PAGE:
True History of the Kelly Gang


In director Justin Kurzel’s “True History of the Kelly Gang” (available on VOD as of Friday, Apr. 24) George MacKay’s Ned Kelly isn’t so much like Heath Ledger or Mick Jagger’s version of the famed Australian bushranger, outlaw and gang leader, he comes across more like the real-life Jagger himself. This is a revisionist rock n’ roll rendition of Peter Carey’s fictitious, Booker Prize-winning novel of the same name – it’s anachronistic as all get out, decidedly queer and has a lot more sizzle than steak.

John “Red” Kelly (Ben Corbett), is an Irish immigrant living in northeast Victoria. He is a Son of Sieve (this is an invention of Carey’s and never fully elaborated upon in the film), which essentially means he enjoys crossdressing and riding horses as a form of rebellion. Red’s of little use to his family as when he’s not gallivanting about in women’s garments, he’s drunk as a skunk. It’s therefore the responsibility of Ellen (Essie Davis of “The Babadook”) to bring home the bacon … she does so selling her hooch (distilled) and her hooch (God-given).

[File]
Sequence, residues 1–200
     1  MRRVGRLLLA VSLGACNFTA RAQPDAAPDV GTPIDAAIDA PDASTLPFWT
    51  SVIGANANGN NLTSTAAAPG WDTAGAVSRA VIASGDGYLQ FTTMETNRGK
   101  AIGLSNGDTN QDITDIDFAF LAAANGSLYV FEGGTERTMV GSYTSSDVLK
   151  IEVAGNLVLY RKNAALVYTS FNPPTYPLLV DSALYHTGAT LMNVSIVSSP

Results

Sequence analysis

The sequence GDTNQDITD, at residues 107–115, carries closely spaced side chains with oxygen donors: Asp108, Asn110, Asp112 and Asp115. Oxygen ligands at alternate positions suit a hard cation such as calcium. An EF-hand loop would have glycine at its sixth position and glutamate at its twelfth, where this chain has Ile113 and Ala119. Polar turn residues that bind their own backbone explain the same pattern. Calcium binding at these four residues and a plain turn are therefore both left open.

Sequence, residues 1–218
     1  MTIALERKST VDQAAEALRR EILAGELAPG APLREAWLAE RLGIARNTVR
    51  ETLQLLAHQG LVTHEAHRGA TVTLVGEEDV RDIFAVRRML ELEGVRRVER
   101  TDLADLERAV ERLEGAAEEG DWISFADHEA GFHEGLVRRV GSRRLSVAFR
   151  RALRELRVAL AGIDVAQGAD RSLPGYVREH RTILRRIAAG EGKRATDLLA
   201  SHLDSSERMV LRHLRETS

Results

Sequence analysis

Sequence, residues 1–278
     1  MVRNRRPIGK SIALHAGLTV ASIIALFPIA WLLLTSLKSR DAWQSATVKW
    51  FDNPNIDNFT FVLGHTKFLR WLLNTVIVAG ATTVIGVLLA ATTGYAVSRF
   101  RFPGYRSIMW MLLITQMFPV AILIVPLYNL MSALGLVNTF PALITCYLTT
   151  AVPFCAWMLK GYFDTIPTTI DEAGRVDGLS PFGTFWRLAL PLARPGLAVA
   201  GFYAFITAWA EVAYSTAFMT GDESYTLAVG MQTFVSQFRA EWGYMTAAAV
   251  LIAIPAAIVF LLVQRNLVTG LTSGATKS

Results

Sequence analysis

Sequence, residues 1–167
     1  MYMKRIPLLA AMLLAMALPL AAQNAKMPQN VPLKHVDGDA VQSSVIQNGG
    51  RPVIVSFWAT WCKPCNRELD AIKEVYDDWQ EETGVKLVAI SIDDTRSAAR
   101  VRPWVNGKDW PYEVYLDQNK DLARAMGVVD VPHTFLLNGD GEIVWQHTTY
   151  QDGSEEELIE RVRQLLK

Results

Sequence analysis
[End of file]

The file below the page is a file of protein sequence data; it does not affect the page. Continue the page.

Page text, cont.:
Twelve-year-old Ned (Orlando Schwerdt, sportin’ a bitchin’ quarantine haircut) is the man of the house, Ellen says as much every chance she gets in an effort to shame Red. Ned slaughters someone else’s cow in order to feed his family. This draws the attention of Sgt. O’Neil (Charlie Hunnam), a john of Ellen’s with designs on being more. He arrests Red, who takes the fall for Ned. Red dies while imprisoned, which opens to door to prospective suitors O’Neil and Harry Power (Russell Crowe). Ellen sells Ned to Harry in hopes that he’ll make a man out of her boy. Harry talks a big game and writes a bigger one (he’s chronicling his exploits), but he’s really just a low-down criminal. Ned’s arrested after shooting O’Neil in the leg at Harry’s prompting. 

Ned doesn’t return to his family until he’s fully grown having done stints in prison and as a bare-knuckle boxer. It’s at home that Ned meets Constable Fitzpatrick (Nicholas Hoult) and the two strike up a tenuous friendship. Fitzpatrick is even kind enough to buy Ned a night with Mary (Thomasin McKenzie of “Jojo Rabbit”), a working girl with whom he falls in love.